A novel method for quantification of beam's-eye-view tumor tracking performance

    loading  Checking for direct PDF access through Ovid

Abstract

Purpose:

In-treatment imaging using an electronic portal imaging device (EPID) can be used to confirm patient and tumor positioning. Real-time tumor tracking performance using current digital megavolt (MV) imagers is hindered by poor image quality. Novel EPID designs may help to improve quantum noise response, while also preserving the high spatial resolution of the current clinical detector. Recently investigated EPID design improvements include but are not limited to multi-layer imager (MLI) architecture, thick crystalline and amorphous scintillators, and phosphor pixilation and focusing. The goal of the present study was to provide a method of quantitating improvement in tracking performance as well as to reveal the physical underpinnings of detector design that impact tracking quality. The study employs a generalizable ideal observer methodology for the quantification of tumor tracking performance. The analysis is applied to study both the effect of increasing scintillator thickness on a standard, single-layer imager (SLI) design as well as the effect of MLI architecture on tracking performance.

Methods:

The present study uses the ideal observer signal-to-noise ratio (d′) as a surrogate for tracking performance. We employ functions which model clinically relevant tasks and generalized frequency-domain imaging metrics to connect image quality with tumor tracking. A detection task for relevant Cartesian shapes (i.e., spheres and cylinders) was used to quantitate trackability of cases employing fiducial markers. Automated lung tumor tracking algorithms often leverage the differences in benign and malignant lung tissue textures. These types of algorithms (e.g., soft-tissue localization – STiL) were simulated by designing a discrimination task, which quantifies the differentiation of tissue textures, measured experimentally and fit as a power-law in trend (with exponent β) using a cohort of MV images of patient lungs. The modeled MTF and NPS were used to investigate the effect of scintillator thickness and MLI architecture on tumor tracking performance.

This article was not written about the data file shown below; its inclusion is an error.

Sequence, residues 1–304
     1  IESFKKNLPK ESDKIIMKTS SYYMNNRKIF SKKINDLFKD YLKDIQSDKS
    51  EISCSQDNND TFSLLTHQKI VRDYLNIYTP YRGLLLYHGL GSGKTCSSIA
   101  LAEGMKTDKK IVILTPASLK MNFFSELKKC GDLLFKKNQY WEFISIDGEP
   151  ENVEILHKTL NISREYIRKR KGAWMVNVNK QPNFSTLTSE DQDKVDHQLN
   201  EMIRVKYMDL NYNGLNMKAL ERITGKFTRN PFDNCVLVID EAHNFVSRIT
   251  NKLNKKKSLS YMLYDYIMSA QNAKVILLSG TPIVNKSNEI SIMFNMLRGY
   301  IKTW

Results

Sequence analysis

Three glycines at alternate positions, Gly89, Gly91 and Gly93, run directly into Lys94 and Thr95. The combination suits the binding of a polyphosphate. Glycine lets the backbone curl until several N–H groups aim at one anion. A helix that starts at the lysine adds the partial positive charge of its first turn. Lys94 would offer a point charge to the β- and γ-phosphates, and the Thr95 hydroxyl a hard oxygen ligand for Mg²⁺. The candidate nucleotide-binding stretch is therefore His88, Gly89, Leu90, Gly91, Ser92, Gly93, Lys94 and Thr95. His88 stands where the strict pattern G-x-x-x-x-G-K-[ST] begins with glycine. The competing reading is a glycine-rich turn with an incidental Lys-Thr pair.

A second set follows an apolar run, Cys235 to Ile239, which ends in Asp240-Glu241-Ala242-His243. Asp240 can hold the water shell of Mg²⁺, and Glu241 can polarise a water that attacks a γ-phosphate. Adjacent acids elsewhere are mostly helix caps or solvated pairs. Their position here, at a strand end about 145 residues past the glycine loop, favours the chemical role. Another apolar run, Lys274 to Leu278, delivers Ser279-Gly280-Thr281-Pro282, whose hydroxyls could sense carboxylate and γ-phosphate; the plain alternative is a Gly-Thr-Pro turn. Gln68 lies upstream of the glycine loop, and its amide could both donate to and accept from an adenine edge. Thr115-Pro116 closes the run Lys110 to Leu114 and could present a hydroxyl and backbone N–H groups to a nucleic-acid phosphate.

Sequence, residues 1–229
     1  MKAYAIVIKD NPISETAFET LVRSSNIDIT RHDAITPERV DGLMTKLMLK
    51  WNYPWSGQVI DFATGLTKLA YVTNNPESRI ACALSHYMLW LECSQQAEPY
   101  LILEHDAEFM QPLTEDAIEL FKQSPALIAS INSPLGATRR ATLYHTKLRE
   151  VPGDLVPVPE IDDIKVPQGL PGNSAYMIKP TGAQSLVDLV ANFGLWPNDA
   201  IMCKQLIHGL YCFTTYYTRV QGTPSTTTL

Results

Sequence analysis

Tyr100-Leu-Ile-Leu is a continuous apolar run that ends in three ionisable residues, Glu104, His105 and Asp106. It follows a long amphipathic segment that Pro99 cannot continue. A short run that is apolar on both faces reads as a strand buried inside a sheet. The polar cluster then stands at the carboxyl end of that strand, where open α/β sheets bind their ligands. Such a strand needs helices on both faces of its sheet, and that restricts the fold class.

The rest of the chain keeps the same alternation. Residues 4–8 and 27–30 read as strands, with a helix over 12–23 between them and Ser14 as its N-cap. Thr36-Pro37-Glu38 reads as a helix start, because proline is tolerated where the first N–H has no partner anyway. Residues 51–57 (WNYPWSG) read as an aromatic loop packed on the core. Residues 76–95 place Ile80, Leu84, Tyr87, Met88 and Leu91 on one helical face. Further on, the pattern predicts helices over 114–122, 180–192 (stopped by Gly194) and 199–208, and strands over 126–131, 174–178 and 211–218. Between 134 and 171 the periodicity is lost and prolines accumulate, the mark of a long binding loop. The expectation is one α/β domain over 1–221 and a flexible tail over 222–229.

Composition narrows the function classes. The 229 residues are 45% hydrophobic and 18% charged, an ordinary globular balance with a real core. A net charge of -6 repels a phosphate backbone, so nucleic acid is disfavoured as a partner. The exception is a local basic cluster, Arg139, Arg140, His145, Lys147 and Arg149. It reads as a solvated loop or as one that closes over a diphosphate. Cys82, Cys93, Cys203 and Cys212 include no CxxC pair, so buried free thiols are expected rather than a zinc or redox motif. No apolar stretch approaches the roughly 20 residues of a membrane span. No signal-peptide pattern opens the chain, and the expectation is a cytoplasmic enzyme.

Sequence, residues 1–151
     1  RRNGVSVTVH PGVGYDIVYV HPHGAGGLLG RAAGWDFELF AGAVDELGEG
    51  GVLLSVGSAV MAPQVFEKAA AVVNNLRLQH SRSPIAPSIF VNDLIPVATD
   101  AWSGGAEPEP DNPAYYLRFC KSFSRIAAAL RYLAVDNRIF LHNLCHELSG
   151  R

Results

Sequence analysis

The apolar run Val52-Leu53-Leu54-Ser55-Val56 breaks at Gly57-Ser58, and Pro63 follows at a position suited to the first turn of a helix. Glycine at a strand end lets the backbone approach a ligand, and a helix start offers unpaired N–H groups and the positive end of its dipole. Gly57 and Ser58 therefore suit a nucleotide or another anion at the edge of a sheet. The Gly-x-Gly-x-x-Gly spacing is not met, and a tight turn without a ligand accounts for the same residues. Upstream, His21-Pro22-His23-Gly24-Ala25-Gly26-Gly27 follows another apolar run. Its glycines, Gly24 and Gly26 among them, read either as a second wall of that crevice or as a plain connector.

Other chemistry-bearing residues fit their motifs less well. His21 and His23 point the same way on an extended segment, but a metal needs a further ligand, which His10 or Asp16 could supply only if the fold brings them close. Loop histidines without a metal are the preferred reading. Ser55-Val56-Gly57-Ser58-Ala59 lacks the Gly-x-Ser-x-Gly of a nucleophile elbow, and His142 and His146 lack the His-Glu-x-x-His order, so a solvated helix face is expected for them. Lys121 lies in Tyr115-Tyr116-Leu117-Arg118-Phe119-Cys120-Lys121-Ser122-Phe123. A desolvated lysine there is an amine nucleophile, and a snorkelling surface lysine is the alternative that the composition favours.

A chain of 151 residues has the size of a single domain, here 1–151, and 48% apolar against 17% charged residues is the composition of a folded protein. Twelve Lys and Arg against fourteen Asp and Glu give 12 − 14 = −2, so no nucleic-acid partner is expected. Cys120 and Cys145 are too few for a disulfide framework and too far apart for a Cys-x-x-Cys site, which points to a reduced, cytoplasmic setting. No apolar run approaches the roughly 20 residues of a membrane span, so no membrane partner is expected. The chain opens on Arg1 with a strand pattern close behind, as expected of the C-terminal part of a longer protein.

Results:

Quantification of MV images of lung tissue as an inverse power-law with respect to frequency yields exponent values of β = 3.11 and 3.29 for benign and malignant tissues, respectively. Tracking performance with and without fiducials was found to be generally limited by quantum noise, a factor dominated by quantum detective efficiency (QDE). For generic SLI construction, increasing the scintillator thickness (gadolinium oxysulfide – GOS) from a standard 290 μm to 1720 μm reduces noise to about 10%. However, 81% of this reduction is appreciated between 290 and 1000 μm. In comparing MLI and SLI detectors of equivalent individual GOS layer thickness, the improvement in noise is equal to the number of layers in the detector (i.e., 4) with almost no difference in MTF. Further, improvement in tracking performance was slightly less than the square-root of the reduction in noise, approximately 84–90%. In comparing an MLI detector with an SLI with a GOS scintillator of equivalent total thickness, improvement in object detectability is approximately 34–39%.

Conclusions:

We have presented a novel method for quantification of tumor tracking quality and have applied this model to evaluate the performance of SLI and MLI EPID designs. We showed that improved tracking quality is primarily limited by improvements in NPS. When compared to very thick scintillator SLI, employing MLI architecture exhibits the same gains in QDE, but by mitigating the effect of optical Swank noise, results in more dramatic improvements in tracking performance.

Related Topics

    loading  Loading Related Articles